The Only Thing Scarier Than A Spook

The Only Thing Scarier Than A Spook October 24, 2016

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(image via Pixabay)

Halloween is almost here. Hooray!!! I’ve already gushed about my great love for Halloween. We’re Trick-or-Treating twice this year, once at the indoor Mall trick-or-treat night and once in an actual neighborhood. My daughter decided to go as Bumblebee, and as I get to take her trick-or-treating, I get a costume too. I’m going to be Delirium.

Now, as I’ve already mentioned in the above link, growing up on the Planet Charismatic, we objected to Halloween. I’ve told you the story about the patron saint costumes and the cardboard angels, and I promised that it got worse after that.

It did.

The next year, we weren’t allowed to trick-or-treat at all, not even dressed as patron saints. The next year, we had to vacate the house on Beggar’s night, leaving it locked up, un-decorated and with the porch light out. Instead of Trick-or-Treating, we were going to the “People of God’s Love Harvest Party.”

‘It’s okay,” my father said. “Halloween is all about the candy, right? You’ll still get candy. They hand out candy at the end.”

I tried to explain that Halloween was also about costumes and spooky fun, but spooky fun and costumes were of the devil, and forbidden. At least we were still getting candy.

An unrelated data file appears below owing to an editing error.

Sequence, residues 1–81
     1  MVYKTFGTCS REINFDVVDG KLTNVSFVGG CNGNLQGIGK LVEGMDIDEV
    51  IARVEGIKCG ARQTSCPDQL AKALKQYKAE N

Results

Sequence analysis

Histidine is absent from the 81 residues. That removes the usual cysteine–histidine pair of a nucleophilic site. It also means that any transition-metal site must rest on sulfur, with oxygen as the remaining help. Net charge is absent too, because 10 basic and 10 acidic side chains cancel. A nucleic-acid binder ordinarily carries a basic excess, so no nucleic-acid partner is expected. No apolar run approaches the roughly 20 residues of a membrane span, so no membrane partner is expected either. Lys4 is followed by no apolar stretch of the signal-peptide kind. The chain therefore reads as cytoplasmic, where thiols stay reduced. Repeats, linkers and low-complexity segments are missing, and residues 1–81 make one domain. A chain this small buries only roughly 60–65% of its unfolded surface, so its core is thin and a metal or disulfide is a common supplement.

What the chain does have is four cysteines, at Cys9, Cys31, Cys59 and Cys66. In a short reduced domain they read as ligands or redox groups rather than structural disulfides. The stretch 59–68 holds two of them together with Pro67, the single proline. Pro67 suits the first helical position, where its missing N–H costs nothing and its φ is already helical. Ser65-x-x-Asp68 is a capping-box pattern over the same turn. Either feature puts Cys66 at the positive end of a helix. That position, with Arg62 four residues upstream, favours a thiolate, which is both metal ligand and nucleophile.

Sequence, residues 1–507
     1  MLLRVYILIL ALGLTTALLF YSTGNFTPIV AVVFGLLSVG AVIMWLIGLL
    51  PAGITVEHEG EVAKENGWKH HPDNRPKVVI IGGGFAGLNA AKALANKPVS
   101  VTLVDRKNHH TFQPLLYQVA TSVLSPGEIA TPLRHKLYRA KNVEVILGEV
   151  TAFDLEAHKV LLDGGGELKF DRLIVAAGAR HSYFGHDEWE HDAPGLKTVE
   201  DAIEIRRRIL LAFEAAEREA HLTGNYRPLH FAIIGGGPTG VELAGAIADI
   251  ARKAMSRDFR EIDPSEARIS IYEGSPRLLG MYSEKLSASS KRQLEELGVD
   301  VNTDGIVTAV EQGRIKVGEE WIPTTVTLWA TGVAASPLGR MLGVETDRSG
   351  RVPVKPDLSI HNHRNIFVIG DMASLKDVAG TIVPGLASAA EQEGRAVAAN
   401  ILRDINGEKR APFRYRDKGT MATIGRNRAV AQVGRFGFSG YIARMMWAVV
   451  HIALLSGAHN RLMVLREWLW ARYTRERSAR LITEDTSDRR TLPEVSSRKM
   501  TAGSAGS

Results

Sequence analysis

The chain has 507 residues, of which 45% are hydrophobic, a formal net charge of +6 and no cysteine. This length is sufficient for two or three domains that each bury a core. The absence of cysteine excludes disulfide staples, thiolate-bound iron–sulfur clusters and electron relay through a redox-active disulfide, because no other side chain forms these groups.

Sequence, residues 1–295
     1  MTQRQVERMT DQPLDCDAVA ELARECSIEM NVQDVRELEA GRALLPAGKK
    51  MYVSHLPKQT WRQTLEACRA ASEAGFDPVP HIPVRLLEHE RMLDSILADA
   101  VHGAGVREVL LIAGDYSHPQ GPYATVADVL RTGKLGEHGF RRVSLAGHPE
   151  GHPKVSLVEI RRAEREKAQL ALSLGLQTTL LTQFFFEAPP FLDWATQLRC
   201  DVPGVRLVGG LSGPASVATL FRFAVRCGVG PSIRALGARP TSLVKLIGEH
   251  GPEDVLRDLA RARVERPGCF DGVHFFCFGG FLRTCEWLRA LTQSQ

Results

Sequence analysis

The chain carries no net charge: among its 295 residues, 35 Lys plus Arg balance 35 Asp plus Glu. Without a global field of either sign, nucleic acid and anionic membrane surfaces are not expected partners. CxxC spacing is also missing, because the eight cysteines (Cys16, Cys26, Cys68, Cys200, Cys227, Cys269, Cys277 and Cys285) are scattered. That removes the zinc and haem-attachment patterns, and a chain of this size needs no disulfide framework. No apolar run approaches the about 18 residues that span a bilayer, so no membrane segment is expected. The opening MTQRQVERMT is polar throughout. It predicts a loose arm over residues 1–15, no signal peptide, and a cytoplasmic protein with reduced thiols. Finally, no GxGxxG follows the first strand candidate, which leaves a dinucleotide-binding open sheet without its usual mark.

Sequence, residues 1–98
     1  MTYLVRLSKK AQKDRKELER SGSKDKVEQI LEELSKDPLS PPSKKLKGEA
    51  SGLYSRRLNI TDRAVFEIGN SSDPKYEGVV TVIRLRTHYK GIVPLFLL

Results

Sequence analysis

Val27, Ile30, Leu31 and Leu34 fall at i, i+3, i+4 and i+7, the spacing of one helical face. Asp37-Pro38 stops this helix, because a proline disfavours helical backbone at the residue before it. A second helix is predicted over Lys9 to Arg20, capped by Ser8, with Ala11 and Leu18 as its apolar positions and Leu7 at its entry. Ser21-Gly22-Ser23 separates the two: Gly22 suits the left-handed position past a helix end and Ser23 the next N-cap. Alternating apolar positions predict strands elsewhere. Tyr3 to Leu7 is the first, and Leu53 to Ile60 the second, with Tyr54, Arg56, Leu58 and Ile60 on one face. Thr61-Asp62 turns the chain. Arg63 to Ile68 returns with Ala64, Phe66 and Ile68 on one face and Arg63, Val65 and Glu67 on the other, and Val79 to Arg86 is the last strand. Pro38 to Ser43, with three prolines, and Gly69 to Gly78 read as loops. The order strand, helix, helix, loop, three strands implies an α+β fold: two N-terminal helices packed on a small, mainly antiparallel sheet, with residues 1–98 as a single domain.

“People of God’s Love” was not our usual Charismatic community; it was an interfaith community of evangelical Christians and Charismatic Catholics who were paranoid about Halloween. At least, that was all I knew about them. I’m sure they had good points as well. But we only joined them once a year, on Beggar’s Night, for their paranoid anti-Halloween harvest party. At least a hundred people were there, avoiding the contamination of the devil and promising there’d still be candy.

It wasn’t a horrible party, for the most part. There was a bonfire. There were very slow hayrides. There were a good many pumpkins lined up near the shelter house, carved not with sinful Jack O’Lanterns but with the Ichthus or the Holy Name of Christ or a brief invocation; they flickered yellow and eerie, brighter and brighter as the sun set, a Protestant litany carved out in the flesh of winter squash: JESUS Jesus JESUS Jesus JESUS SAVES.

I met some other Catholic homeschooled girls, and we played in the nearby woods, pretending to be “Native Americans who converted to Catholicism.” We weren’t allowed to be a different religion even in our pretend fantasies; it was too dangerous.

At dinner time, we gathered for a potluck in the shelter house, hemmed in by the flickering Jesus pumpkins. A woman passed out lit candles for one and all. We sang a hymn, with the Catholics holding their candles at waist level and some of the Protestant ladies waving them above their heads.

Then it was time to leave, and each child received their pittance: a small lunch bag with about six “fun-size” candies in it.

That was all there was.

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